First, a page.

Campus community reacts to Claude Steele’s resignation statement

Claude Steele_Michael Drummond
Michael Drummond/File

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When Claude Steele cited his wife’s ongoing health problems as a major factor in his decision to step down as executive vice chancellor and provost, some members of the UC Berkeley community began to question whether his statement told the full story in light of a slew of campus problems.

In a campuswide email sent Friday, Chancellor Nicholas Dirks announced Steele’s resignation — a decision met with a mixture of surprise, sadness and acceptance from students and faculty amid the campus’s recently released reports showing 17 substantiated cases of sexual harassment investigations within the past seven years and a $150 million deficit.

“I think his resignation removes some of the roadblocks to change,” said Michael Burawoy, a campus sociology professor and co-chair of the UC Berkeley Faculty Association, adding that effective changes across campus require the EVCP’s close connection with faculty, staff and students.

Steele began his role as UC Berkeley’s EVCP in March 2014 and has since contributed to launching budget reforms, improving fundraising methods and increasing campus diversity, according to Dirks’ email. Some campus community members, however, were discontent with the sanctions that Steele determined for former UC Berkeley School of Law dean Sujit Choudhry after he allegedly sexually harassed his executive assistant, Tyann Sorrell.

Aside from his wife’s health challenges, Steele’s resignation likely had to do with criticism and pressure from faculty, deans and department chairs, Burawoy alleged. Steele has previously said that the incident involving Choudhry was “the most painful situation of my life.”

While there were also significant concerns among faculty about the way Steele handled academic realignment to alleviate UC Berkeley’s financial problems, Steele took initiative in restructuring campus fundraising and addressing financial challenges, said Robert Powell, campus political science professor and chair of the Academic Senate’s UC Berkeley division.

Among his contributions as EVCP, Steele also promoted a more diverse faculty by allowing for departments to recruit those who served as role models for students of underrepresented-minority groups, according to Paul Fine, campus associate professor of integrative biology.

“He knew a lot about students and what it takes to be a student at Berkeley,” said Bob Jacobsen, dean of undergraduate studies at the campus College of Letters and Science.

Before serving as EVCP at UC Berkeley, Steele had years of experience working in private institutions, serving as a dean at the Stanford Graduate School of Education and as provost at Columbia University.

Steele improved Columbia’s tenure system by standardizing the procedure and making it more efficient, according to Andrew Davidson, a public health professor at Columbia.

Campus anthropology professor Nancy Scheper-Hughes, however, said she did not believe that Steele made a good adjustment from private institutions to a public one.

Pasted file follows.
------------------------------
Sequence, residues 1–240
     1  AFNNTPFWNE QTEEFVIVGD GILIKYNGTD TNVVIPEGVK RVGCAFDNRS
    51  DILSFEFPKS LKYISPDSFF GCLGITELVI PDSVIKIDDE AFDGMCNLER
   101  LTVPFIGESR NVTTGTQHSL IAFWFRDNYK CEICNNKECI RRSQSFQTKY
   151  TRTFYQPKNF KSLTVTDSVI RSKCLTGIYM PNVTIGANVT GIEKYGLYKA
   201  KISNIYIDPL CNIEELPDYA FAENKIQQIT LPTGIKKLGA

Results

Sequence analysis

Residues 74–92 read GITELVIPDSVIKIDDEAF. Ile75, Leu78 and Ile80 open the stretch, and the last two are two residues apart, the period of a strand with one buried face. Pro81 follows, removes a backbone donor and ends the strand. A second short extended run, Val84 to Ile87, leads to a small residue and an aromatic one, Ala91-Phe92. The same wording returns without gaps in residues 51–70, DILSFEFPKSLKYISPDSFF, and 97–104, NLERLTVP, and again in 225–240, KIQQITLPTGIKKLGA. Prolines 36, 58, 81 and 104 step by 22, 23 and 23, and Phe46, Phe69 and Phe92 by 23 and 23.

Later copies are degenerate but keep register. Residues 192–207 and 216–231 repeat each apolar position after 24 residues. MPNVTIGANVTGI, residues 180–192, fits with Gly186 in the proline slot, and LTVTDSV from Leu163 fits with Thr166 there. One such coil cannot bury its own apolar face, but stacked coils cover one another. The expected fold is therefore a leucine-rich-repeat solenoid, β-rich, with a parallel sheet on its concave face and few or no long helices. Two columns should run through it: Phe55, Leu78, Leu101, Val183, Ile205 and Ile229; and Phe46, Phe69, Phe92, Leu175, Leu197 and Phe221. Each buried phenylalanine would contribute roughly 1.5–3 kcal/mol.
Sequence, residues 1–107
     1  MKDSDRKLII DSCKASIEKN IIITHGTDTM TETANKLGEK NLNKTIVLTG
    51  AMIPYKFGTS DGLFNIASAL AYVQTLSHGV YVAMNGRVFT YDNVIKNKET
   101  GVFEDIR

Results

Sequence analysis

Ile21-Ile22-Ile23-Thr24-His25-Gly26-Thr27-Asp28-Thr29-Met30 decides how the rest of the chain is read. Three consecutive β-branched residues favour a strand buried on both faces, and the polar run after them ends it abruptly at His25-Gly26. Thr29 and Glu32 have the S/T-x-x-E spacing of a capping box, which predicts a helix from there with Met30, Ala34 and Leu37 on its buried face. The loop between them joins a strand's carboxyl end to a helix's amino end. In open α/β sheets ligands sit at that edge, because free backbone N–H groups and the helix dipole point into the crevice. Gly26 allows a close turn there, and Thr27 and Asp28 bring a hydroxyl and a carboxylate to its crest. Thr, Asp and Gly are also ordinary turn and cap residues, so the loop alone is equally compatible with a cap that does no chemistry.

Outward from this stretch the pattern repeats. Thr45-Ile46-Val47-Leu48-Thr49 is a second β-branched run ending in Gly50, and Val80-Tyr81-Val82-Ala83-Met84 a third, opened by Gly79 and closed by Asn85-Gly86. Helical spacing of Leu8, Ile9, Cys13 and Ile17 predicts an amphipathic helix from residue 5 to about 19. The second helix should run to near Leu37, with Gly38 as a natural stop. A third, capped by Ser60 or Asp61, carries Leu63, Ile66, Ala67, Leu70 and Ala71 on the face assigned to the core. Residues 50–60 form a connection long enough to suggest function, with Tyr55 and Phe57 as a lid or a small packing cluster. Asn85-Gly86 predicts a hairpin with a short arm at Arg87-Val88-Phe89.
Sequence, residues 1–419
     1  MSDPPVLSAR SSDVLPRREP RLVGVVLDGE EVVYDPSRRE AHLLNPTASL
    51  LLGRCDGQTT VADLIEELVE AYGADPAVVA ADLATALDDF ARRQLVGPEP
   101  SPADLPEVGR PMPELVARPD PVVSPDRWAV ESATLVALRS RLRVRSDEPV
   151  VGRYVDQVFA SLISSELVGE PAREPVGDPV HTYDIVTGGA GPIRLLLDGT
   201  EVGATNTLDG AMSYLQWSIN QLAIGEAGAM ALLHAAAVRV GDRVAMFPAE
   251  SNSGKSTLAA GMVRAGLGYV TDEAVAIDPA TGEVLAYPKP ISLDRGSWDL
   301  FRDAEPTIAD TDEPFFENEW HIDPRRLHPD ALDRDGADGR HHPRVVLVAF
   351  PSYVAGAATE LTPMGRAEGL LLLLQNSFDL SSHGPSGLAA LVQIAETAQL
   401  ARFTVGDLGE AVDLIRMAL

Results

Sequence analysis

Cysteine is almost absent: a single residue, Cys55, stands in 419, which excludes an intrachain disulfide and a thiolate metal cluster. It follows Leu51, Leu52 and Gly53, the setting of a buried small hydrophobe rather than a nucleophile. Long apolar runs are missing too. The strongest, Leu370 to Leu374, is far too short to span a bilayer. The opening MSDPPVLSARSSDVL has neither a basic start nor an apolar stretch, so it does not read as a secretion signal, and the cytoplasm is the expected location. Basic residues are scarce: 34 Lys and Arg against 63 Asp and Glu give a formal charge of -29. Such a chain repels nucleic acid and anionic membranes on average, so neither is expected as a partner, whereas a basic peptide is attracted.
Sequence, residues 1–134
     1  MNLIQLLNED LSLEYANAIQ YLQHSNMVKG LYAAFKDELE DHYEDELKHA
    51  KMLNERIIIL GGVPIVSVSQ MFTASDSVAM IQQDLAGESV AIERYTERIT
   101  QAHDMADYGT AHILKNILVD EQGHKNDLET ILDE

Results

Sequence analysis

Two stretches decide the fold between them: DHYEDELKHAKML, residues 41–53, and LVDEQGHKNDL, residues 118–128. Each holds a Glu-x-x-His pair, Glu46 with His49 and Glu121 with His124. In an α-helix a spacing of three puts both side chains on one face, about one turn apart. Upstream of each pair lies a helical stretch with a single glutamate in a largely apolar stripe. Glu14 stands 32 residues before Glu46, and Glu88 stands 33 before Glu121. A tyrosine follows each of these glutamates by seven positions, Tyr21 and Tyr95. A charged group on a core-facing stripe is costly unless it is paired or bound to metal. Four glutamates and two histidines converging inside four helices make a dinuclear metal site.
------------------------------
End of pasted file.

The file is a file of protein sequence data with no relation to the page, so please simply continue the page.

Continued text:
“When you have an outsider as (vice) chancellor, (it is important) that they learn how the campus operates through making connections with people who have been there for some time,” Burawoy said.

Many students had advocated Steele’s resignation prior to the Friday announcement, including Berkeley Law students in the immediate wake of the Choudhry incident. In a March Boalt Hall Student Association survey, 30 percent of respondents indicated their belief that Steele should resign not only as EVCP but from his faculty appointment to the law school.

“I was kind of shocked that he resigned, but a lot of people did have problems with the way he conducted his investigation,” said David Gomez, a first-year Berkeley Law student, who added that he was still unsure of the totality of the factors contributing to Steele’s resignation.

Selina Lao, a campus junior and the incoming ASUC student advocate, said she believed that the recent sexual harassment cases and budgetary issues at UC Berkeley likely influenced Steele’s decision to step down, adding that she was not only surprised by his resignation but concerned with who would serve as his interim replacement, considering how much training and knowledge the position entails.

“(I) would love to see people who are more student-centered and actively try to get students’ input, and not just undergraduates but graduates as well when they’re dealing with student issues that affect us,” Lao said.

But Jacobsen, who worked with Steele to revitalize undergraduate advising by hiring more advisers, said he was sorry to see Steele go and wished him the best in the UC Berkeley’s psychology department, which Steele is set to join next year.  

UC Berkeley spokesperson Dan Mogulof said in an email that once a decision on an interim EVCP has been reached, the entire campus community will be informed.

Senior staff writer Alexander Barreira contributed to this report.

Contact Roann Pao at [email protected] and follow her on Twitter at @roann_pao.

Clarification(s):
A previous version of this article may have implied that the campus’s recently released reports showing 17 cases of sexual harassment investigations within the past seven years included unsubstantiated cases. In fact, in all 17 cases, employees were found to have violated UC sexual misconduct policy.